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Regional Spotlight: How Theater For the New City is Working Through the Global Health Crisis

Regional Spotlight: How Theater For the New City is Working Through the Global Health Crisis

Now more than ever it is important to support theater and do our part to keep the art form that we love so much alive and as thriving as it can be during these unprecedented times. While the global health crisis has temporarily put the theater world on hold, pausing all live performances and large gatherings to help stop the spread of COVID-19, theaters around the country have taken a hit. During this time of adjusting to our temporary new normal, theaters are figuring out how to take care of their team, and discovering the best ways to virtually bring theater to audiences.

Through our regional theater interview series, we are checking in with theaters all around the country, talking to them about how they are handling these difficult circumstances, learning what they are doing to move forward, and discovering the best way for people to help regional theaters during this time.

Today we're checking in with Theater For the New City. We chatted with TNC Co-founder and Artistic Director Crystal Field.

First of all, I want to check in on the health and wellbeing of everyone at Theater for the New City. How is everyone doing during this difficult time?

Physically everyone is doing very well. No one on staff has gotten the virus, knock on wood. Most of us are working from home but I am going into the theater 3 times a week for 4 hours. Mark Marcante is also going in three times a week. Dan and Matt, who live nearby, are coming in a few times a week and so is Alex Bartenieff. We are cleaning like crazy, sanitizing everything and moving things around in all four theaters. So that when the time comes, when we are allowed to open, we will be ready to go. The lights are being repaired, the drains on the roof are being cleaned. Remember, that we own our building and we are therefore responsible for its maintenance and its upkeep.

The rest of the staff is working from home, as we all are. Actually, I am working more hours now, than I ever worked before the virus. Partly because I have had to enter the digital world. I now know the meaning of the word "platform."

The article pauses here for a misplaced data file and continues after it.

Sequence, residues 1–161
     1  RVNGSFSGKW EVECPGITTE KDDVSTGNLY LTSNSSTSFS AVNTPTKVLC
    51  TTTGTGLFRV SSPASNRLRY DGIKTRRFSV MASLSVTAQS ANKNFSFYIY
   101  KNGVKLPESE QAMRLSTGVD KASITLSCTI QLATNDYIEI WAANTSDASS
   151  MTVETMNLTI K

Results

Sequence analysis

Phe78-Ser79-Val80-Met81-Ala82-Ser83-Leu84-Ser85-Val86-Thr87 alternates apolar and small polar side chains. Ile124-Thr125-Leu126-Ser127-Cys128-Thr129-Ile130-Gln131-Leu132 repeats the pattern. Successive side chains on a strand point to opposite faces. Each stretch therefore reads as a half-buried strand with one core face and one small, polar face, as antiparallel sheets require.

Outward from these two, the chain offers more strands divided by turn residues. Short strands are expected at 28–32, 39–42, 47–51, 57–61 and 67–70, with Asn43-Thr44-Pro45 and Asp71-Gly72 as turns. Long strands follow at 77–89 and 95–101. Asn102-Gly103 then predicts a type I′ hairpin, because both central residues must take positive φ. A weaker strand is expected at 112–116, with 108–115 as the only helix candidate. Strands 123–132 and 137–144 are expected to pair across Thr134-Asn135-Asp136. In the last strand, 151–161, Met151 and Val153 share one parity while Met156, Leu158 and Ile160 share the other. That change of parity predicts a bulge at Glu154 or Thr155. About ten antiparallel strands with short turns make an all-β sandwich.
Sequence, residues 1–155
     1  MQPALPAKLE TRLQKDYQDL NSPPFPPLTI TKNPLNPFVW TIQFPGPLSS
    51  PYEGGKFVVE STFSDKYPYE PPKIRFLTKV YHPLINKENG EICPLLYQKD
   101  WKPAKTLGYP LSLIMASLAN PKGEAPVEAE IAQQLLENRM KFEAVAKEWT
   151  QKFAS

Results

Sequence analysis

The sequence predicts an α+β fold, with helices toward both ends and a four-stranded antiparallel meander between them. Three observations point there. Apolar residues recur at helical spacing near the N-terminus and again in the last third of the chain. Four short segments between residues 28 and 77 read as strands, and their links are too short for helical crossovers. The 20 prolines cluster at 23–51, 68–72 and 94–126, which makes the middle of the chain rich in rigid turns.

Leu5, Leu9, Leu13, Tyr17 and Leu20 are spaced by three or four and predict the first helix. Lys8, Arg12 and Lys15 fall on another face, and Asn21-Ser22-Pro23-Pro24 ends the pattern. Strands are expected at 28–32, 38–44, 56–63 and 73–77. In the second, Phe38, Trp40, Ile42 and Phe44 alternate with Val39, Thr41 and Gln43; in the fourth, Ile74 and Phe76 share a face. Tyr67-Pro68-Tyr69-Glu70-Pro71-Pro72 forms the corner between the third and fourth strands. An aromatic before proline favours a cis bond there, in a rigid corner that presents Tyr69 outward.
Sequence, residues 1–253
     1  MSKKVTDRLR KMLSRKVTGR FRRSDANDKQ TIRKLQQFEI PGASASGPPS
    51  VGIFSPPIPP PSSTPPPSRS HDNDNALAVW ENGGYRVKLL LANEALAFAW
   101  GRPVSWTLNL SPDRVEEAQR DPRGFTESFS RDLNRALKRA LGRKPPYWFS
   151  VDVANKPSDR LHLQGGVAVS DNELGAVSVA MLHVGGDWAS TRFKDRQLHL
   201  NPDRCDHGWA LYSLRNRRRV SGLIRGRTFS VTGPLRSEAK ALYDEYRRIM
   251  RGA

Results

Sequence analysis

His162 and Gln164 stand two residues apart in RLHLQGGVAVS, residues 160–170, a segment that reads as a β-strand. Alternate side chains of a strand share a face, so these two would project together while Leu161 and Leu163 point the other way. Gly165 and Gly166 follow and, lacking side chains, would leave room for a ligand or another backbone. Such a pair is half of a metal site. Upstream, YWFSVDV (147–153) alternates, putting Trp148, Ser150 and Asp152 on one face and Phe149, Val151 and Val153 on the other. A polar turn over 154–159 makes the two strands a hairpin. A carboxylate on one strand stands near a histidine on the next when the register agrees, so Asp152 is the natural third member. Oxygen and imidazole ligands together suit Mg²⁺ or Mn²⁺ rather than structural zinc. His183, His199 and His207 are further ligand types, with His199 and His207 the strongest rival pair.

Jon Weber's wife gave birth to a lovely little girl last week. He was with her in the delivery room. They almost did not allow him in. But they did. At any rate, it's a great time for him to work at home because he would've had to be there anyway. Schedules are crazy for everyone. He sleeps when the baby sleeps. But physically we are all in great shape. Mentally, thats another story. Emily does my emails with me but we always do them together at the theater. And we do so many things together and now we don't.

At first I was going to the theater everyday. I am an essential worker. Theater puts soul into living. and without theater and the arts, you might as well be in the grave. People don't realize this. When you play, we work. So everyone said to me "You are an icon. You are the head of this theater. You're old. If anything happens to you everything will fall apart. We must protect you, You must protect yourself. Stay Home. work from home." Alex bought me a printer because my old one was no good. I stayed home and I began to cry for no reason at all. A great sadness swelled up within me. After a while, I thought maybe I'll go down one day because there were things I had to pick up and frankly there are things I cannot do at home. My equipment is unprofessional. Not that its bad, it just doesn't do enough. And there are many things that I cannot access at home that are down there. So now I am going three days a week because it is essential that I do so, for the sake of the theater and I feel much better. I am not crying anymore. And by the way the theater could run very well without me for at least a year. I make final decisions but I do not make them alone.

What do the days look like right now for those who work at Theater for the New City?

We are keeping everyone on staff, paid. We have a very small staff of 8 people and their salaries are so small that I am loathed to tell you what they are. However, we are a marginal theater, we will run out of money in about 6 weeks. Everyone on staff is working very hard. We are doing readings of new plays online. We have board meetings through Zoom every month. We are posting on Facebook and Instagram. John David West is our official Marketing person.